Internal environment trumps openness policies in global connectivity | Asian Business Review
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Dr. Steve Altman (Photo by Noreen Jazul)

Internal environment trumps openness policies in global connectivity

Singapore, the world’s most globally connected nation, leads in international flows linked to domestic activities, as per DHL report.

Global connectedness is often associated with a country’s openness to trade and people, but according to an expert, propelling nations to higher levels of connectivity relies on cultivating an attractive domestic environment.

“What [we have found] is that the attractiveness of the country’s environment internally is an even bigger driver of connectedness than the policies about openness,” Dr. Steven Altman, senior research scholar at NYU Stern School of Business and co-author of DHL Global Connectedness Index, told the magazine.

“If a country has a really attractive domestic business environment, companies, investors, [and] individuals will be willing to go over some challenges to get into that country,” Altman said.

The expert, however, underscored that having policies on openness such as immigration policies, tariff policies, and policies on foreign direct investors, still matters a “great deal.”

“Essentially, we want to make sure that the country remains as attractive as it can possibly be and then put facilities that open [it] to the world so that I can achieve the full benefits that come from that attractiveness,” Altman added.

Singapore is amongst the countries not just in the region that has both an attractive domestic business environment and openness policies.

In the 2024 edition of DHL’s Global Connectedness Index, Singapore ranked first, besting 180 markets. The 2024 index compares the level of connectivity of countries between 2022 and 2017.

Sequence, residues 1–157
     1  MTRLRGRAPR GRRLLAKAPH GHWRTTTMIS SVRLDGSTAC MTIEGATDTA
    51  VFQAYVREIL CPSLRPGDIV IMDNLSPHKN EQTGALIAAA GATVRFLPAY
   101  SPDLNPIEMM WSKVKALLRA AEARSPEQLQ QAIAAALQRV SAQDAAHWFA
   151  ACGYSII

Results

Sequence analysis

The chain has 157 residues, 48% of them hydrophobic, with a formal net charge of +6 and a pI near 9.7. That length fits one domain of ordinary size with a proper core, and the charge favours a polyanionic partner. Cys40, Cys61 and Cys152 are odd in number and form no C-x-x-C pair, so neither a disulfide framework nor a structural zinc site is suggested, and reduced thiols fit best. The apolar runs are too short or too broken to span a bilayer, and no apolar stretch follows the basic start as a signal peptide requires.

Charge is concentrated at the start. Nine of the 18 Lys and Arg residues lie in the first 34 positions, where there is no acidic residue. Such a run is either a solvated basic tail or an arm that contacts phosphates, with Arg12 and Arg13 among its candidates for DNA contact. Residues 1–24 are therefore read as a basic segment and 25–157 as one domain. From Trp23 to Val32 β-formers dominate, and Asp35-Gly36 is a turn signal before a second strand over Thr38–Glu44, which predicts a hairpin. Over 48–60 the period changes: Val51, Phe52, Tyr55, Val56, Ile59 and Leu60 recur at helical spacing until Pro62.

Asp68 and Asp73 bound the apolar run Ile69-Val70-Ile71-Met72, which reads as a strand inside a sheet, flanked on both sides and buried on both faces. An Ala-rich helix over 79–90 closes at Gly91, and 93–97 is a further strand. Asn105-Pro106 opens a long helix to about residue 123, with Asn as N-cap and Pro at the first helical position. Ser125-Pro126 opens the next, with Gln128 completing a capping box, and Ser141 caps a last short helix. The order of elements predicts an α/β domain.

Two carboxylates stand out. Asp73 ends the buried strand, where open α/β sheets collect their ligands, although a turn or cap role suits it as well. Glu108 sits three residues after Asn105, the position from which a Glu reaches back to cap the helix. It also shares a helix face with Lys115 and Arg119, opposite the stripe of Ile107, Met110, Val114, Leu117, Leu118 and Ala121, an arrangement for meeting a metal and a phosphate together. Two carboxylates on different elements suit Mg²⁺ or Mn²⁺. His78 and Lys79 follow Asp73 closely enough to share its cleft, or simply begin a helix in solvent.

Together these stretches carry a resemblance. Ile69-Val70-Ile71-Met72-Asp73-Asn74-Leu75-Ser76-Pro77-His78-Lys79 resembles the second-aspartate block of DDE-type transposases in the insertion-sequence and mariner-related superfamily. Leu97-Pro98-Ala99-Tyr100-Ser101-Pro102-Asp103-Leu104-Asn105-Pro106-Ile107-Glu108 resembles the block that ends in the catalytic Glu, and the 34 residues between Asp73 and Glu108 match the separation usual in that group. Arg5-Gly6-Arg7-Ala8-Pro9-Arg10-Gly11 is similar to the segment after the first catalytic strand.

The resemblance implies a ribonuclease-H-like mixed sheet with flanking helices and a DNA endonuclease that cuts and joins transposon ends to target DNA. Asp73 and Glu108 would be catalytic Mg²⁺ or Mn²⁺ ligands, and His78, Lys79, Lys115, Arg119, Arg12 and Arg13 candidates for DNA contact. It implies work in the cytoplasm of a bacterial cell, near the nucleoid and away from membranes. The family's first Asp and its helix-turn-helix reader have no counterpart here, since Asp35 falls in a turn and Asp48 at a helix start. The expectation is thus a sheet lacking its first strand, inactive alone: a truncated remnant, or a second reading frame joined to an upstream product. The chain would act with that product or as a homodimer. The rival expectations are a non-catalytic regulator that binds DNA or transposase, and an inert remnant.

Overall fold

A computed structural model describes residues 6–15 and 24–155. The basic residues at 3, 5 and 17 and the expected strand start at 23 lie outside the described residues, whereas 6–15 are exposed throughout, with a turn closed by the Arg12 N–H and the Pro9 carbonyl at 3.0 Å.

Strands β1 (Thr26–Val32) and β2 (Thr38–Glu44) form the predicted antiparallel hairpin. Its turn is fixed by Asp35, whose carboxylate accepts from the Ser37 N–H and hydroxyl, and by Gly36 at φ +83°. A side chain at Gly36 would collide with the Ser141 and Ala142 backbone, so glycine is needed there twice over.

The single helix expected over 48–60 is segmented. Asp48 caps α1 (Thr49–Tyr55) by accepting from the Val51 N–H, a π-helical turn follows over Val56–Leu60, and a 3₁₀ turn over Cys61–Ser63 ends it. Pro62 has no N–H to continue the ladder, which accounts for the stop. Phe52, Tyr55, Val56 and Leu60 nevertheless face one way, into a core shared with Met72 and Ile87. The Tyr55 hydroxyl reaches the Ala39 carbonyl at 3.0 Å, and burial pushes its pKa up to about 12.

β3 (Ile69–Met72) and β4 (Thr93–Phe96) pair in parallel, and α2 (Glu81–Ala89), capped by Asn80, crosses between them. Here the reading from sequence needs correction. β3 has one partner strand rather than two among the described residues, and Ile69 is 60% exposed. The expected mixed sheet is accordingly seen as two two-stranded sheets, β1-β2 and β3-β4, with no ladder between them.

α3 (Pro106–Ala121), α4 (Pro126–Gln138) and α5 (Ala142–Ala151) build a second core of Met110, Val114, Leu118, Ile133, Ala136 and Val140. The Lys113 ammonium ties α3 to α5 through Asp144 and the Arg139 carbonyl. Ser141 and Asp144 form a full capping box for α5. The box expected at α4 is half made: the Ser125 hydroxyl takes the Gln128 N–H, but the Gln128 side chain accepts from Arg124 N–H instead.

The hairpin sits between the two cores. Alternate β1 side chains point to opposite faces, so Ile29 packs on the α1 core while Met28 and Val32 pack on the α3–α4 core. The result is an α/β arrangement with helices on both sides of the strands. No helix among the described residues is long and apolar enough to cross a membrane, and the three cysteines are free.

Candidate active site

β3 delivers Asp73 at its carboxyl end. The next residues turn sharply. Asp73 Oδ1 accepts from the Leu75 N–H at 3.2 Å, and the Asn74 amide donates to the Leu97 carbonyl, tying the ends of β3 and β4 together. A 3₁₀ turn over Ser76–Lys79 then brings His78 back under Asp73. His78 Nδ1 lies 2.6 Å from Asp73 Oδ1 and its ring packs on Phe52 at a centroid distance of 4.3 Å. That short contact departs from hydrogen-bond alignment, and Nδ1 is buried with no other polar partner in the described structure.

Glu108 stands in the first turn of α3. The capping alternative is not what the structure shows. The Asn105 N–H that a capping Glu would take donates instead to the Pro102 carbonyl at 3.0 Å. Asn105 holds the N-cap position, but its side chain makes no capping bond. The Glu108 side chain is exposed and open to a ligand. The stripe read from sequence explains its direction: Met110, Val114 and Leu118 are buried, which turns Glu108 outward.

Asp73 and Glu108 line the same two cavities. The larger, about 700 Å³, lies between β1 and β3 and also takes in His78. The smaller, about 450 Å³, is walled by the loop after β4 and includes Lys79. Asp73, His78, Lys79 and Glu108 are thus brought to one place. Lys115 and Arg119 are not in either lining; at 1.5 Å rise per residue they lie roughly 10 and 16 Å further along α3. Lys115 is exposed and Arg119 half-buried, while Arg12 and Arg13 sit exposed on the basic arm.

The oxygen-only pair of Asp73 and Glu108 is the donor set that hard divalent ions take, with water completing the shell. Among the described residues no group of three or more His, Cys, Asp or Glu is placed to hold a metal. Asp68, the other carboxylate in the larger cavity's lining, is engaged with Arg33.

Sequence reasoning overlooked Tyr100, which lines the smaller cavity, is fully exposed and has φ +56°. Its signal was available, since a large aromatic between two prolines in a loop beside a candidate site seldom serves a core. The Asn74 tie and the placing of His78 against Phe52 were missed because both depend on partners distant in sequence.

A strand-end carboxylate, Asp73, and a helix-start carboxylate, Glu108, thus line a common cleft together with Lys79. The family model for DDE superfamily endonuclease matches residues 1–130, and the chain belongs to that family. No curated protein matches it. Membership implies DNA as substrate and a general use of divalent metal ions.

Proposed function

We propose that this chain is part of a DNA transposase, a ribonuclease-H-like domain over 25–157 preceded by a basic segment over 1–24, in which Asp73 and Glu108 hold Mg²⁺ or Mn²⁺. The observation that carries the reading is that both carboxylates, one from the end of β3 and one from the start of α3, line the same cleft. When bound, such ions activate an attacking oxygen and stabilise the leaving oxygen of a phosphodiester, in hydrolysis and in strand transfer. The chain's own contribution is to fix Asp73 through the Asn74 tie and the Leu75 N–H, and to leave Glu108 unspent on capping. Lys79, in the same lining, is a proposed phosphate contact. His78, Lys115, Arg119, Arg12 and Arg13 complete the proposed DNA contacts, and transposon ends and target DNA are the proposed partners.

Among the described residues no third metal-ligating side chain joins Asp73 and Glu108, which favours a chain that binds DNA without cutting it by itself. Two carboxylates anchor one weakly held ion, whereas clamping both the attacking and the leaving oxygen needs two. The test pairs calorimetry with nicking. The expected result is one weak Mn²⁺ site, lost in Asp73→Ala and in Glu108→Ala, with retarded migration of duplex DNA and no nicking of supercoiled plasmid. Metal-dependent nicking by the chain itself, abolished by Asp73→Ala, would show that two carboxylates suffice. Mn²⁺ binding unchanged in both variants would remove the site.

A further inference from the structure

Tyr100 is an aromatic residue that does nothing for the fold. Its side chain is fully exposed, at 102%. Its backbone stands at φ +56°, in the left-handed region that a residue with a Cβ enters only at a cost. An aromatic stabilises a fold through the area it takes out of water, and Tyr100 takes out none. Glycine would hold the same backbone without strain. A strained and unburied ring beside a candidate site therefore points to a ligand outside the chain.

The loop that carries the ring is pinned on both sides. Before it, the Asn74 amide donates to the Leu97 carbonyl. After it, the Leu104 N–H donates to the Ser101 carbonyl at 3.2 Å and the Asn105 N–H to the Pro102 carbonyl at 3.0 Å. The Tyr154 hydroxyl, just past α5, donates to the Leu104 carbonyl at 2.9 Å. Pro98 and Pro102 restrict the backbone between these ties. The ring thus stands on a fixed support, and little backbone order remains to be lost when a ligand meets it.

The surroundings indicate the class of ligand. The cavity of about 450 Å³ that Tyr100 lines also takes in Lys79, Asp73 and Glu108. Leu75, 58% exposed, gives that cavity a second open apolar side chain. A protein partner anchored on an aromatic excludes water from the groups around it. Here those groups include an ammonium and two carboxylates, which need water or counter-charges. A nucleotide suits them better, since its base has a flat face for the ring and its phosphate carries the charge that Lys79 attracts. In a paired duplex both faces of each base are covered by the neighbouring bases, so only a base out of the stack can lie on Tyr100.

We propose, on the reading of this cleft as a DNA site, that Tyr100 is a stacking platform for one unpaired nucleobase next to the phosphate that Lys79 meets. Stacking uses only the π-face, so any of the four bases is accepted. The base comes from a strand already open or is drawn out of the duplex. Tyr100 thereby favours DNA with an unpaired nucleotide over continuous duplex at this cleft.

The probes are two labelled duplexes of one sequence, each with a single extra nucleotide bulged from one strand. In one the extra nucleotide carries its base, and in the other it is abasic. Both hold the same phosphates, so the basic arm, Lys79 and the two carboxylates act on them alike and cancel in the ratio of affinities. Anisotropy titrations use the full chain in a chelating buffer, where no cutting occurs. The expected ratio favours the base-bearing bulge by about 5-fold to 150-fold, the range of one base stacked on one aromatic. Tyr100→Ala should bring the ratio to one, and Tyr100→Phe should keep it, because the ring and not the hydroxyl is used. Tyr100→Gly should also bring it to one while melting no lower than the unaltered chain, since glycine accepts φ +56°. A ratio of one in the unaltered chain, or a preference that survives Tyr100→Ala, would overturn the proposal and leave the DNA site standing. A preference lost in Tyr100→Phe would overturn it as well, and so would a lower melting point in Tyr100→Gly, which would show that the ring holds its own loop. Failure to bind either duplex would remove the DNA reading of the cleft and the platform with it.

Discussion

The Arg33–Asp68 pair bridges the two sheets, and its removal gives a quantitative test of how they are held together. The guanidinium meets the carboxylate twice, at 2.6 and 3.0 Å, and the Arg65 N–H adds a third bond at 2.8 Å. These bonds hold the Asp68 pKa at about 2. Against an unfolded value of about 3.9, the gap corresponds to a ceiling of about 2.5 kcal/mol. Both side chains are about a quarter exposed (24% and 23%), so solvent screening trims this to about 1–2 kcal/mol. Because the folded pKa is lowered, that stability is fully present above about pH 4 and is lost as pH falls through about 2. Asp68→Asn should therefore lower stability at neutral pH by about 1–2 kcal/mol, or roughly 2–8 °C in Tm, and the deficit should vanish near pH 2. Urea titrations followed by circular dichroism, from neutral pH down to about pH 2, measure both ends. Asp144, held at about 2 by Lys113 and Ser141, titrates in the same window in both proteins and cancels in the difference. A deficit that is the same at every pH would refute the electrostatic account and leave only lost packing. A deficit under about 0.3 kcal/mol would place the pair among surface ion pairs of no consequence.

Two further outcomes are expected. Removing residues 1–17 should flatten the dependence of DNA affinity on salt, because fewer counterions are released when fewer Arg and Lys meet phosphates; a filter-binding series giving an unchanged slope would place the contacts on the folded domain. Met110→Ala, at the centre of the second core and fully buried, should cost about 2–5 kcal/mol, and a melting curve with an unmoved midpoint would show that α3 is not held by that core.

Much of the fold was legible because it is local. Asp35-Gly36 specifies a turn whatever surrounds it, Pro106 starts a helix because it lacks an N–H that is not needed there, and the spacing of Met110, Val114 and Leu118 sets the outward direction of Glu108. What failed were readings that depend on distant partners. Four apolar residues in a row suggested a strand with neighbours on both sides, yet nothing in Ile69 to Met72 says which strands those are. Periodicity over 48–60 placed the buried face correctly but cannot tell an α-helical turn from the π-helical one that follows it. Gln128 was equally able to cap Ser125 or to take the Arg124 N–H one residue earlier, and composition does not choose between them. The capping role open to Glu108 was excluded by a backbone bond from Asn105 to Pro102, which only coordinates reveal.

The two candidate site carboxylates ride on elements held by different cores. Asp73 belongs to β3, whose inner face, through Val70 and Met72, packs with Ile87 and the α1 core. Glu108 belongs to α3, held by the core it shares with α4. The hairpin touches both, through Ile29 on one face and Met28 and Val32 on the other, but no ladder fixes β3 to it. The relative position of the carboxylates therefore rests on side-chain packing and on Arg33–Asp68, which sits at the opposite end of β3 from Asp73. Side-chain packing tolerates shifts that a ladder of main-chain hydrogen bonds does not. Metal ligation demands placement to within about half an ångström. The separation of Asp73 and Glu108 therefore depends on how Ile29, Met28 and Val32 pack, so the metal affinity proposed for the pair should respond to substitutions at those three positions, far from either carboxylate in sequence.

Countries were scored and ranked based on two dimensions: depth or their international flows relative to total activity; and breadth or the distribution of international flows across countries.

According to the report, Singapore has the largest international flows relative to domestic activity, topping the depth dimension with a score of 99.0/100. On the breadth dimension, Singapore scored 63.5, ranking 25th overall.

Altman said Singapore’s structural characteristics and policies have propelled it to the No. 1 spot in the index.

“Singapore is a relatively small country, it’s a wealthy country and an advanced economy. These kinds of characteristics lead to higher levels of globalisation; but Singapore builds on that very systematically over a long period of history to move forward,” said the expert.

He pointed out how Singapore had laid down the foundations of a strategy to make globalisation a cornerstone of its economic development. “And that strategy has been multifaceted. Everything from the development of infrastructure, the port, the port operations, the trade policies, the foreign direct investment policies,” Altman told the Singapore Business Review.

He also cited the work of the Economic Development Board (EDB) in attracting investment into Singapore. “Singapore has built a set of capabilities to proactively and tragically benefit from globalisation,” he said.

Data from EDB showed that Singapore attracted $12.7b (HK$74b or US$9.46b) in fixed asset investments (FAI) in 2023. The United States, Europe, and Asia were the major contributors to Singapore’s FAI in 2023.

Relatively, in DHL’s report, the United States also had the largest share in Singapore’s international trade flows at 16%, followed by China (12%), Malaysia (8%), India (5%), Japan (5%), Hong Kong SAR (5%), Indonesia (5%), Taiwan (4%), Korea (4%), and United Kingdom (3%).

Balancing global ties

Like any other country, geopolitical tensions remain a threat to Singapore’s level of globalisation. “Singapore is a country that has very important connections, both with the US-centric sphere of countries, as well as with China’s centric sphere of countries,” Altman said.

The NYU expert, however, said that Singapore had always “fervently” resisted any push for the world economy to split into different blocs.

“Our report underscores the fact that the world economy, consistent with what Singapore pushes for, is not currently splitting into rival blocs,” he said

“These tensions do pose challenges. I think that kind of the tightrope that Singapore and many other countries have to continue to walk to try to benefit from globalisation,” he added.

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